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By Tom Atema

Leading and measuring belong together!

I totally understand that the degree of change and the pace of change will be different for every person and organization. That is not my concern. What I am concerned about is, for the most part, leaders of faith-based nonprofits are under the illusion that they are making progress when every indicator around them says they are not. Simply put, the solutions nonprofits — even faith-based nonprofits — are trying to provide, are not keeping pace with the problems they’re trying to solve. Our outcomes are lacking.

When we measure organizational outcomes we receive facts, and these facts should be the leader’s best friend. As leaders we want to accomplish something! Something that has to do with what our ministry’s core vision dictates. To me, the first question leaders must answer with their board is: “How do we define progress and accomplishment for our organization?” A board can’t hold someone accountable if neither the leader nor the board knows the answer to this question.

There are three types of data that can help answer this question. However, in order to accurately measure a faith-based nonprofit’s progress and accomplishments, only one of these three is a true measurement.

1. Input

Input describes how much in the way of resources (both financial and non-financial — such as volunteer time, materials, equipment, etc.) was used to conduct a program or activity.

2. Output

Output measures the activities conducted by the organization: the number of classes held; the number of students enrolled or graduated; the number of church members; the attendance in church services; the amount of concertgoers; the number of food baskets served; the scope of refugees served; the number of listeners; and the like.

Measuring input and output is an important element of overall stewardship, but the problem with this type of numerical data is that while it shows the quantity and cost of services provided, it does not indicate whether any real benefits resulted. Did the students truly learn anything? Did church attendees grow spiritually? Did we really move people to a closer relationship with Christ? Did we really, really, help the refugees?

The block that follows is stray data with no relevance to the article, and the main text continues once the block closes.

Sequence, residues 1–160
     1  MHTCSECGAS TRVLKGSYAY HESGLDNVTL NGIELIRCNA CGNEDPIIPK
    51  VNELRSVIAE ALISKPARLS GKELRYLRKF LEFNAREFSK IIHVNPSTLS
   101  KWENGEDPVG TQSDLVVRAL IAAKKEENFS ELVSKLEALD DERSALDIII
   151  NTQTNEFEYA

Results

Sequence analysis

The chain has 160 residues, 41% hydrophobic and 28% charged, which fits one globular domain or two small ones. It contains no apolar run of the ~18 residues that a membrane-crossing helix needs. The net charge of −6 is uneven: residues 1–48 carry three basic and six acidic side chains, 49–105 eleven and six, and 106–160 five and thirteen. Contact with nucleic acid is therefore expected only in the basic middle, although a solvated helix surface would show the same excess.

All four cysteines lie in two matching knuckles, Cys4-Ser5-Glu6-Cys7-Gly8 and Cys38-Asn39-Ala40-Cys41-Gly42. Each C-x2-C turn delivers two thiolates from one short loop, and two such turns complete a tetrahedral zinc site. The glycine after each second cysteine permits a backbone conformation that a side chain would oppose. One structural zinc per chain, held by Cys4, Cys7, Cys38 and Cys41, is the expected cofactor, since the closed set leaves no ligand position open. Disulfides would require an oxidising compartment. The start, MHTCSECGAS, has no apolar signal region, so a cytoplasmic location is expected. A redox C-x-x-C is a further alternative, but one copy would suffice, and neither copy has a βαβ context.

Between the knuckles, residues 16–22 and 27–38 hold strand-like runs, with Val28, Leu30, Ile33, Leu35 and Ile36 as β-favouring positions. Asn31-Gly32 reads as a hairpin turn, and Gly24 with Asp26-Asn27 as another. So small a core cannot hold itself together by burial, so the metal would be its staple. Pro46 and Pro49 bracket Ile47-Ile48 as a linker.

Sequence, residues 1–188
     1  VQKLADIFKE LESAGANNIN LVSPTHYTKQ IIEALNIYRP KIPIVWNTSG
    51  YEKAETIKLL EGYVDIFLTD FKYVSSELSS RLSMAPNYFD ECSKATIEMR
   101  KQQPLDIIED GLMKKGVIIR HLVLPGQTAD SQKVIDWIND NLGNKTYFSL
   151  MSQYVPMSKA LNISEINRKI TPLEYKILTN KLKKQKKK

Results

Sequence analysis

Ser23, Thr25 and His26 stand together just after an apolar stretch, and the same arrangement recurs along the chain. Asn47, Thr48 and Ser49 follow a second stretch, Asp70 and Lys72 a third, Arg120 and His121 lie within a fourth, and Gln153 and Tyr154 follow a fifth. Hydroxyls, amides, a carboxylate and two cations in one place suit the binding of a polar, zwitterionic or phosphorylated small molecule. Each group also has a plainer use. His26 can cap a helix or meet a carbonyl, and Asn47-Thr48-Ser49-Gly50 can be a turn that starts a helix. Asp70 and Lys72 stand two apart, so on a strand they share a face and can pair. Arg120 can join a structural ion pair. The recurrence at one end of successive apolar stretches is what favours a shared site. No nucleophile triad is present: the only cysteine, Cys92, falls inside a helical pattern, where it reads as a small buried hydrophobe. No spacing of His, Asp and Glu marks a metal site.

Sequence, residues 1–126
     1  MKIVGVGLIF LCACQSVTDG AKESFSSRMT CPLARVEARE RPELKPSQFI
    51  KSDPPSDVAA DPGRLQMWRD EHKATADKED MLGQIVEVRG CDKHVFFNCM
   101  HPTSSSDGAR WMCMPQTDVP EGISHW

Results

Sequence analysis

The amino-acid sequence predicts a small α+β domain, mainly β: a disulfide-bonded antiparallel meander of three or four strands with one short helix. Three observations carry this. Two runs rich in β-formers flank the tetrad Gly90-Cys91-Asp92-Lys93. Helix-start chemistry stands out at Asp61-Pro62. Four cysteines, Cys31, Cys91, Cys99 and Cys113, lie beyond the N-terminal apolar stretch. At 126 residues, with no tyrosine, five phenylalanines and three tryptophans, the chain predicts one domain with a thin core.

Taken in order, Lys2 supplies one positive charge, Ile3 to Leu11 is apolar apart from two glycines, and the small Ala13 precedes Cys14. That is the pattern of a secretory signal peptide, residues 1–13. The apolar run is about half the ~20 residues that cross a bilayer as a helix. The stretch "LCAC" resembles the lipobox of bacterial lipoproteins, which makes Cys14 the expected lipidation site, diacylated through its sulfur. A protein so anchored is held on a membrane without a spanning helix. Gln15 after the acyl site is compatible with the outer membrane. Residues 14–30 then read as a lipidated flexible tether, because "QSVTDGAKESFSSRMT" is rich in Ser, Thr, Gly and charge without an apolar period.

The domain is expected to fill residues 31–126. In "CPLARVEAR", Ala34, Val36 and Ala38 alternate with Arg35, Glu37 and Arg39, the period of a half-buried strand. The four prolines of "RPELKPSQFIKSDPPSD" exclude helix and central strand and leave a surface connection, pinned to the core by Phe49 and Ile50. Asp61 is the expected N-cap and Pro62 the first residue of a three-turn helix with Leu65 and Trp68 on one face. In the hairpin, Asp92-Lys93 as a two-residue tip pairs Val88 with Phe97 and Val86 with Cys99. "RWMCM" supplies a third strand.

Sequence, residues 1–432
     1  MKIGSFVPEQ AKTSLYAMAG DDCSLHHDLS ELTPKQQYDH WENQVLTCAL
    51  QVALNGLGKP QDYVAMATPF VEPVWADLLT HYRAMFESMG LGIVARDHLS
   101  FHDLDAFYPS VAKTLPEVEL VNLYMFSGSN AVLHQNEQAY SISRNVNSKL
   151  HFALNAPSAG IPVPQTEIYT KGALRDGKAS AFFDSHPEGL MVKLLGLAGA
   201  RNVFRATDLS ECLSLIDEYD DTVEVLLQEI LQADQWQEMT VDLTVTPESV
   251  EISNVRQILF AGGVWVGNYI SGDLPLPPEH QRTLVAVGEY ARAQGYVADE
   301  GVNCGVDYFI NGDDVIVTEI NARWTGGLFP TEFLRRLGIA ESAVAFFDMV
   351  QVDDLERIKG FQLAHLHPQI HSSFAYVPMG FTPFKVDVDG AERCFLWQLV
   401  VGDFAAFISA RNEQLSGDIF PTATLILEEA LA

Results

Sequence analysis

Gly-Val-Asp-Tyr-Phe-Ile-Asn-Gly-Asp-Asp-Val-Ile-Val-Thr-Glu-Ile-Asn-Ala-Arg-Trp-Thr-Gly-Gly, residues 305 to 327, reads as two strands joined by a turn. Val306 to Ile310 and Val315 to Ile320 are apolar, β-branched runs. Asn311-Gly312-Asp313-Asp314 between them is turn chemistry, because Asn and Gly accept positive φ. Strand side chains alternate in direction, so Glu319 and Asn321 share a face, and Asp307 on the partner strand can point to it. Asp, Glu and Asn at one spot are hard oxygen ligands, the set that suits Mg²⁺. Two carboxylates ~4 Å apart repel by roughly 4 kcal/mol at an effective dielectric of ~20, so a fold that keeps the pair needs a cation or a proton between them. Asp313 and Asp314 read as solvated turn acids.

3. Outcomes Measurement

Outcomes measurements indicate how much better off the people served by the faith-based organization are as a result of the organization’s activities. For example, by how much has the culture of your community changed for the better because of your witness? How much better is that public school because of your involvement? You get the point.

Often, we simply hold up numbers one and two — input and output — in annual reports to define a “successful year.” The problem with this is that outcomes measurement is the most vital component in measuring ministry success, yet it is rarely found in annual reports. If you are the leader and you are not pushing hard for outcomes measurement, you need to do so. This has become one of the most important stewardship activities that a faith-based organization can undertake.

There are several compelling reasons to measure outcomes:

  • OUTCOMES measure the effectiveness of programs.
  • OUTCOMES identify effective practices.
  • OUTCOMES  identifiy practices requiring improvement.
  • OUTCOMES help prove your true value to existing and potential funders.
  • OUTCOMES  provide clarity and consensus around the purpose of your program.

So how do you begin? Ideally, you start with the end in mind. Measuring outcomes starts when the planning for the project starts and before the activities are underway by asking this question: “What, through this activity, will we accomplish in light of our vision?”

Measuring outcomes with something other than simple financial or attendance measurements is really the only way to know if you are making progress, accomplishing what God has called your faith-based organization to accomplish.

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Tom Atema is president of Vertical Horizons Group  and the author of Leadership in Blue Jeans. This post in an excerpt from the 2014 Spring Edition of Outcomes Magazine.

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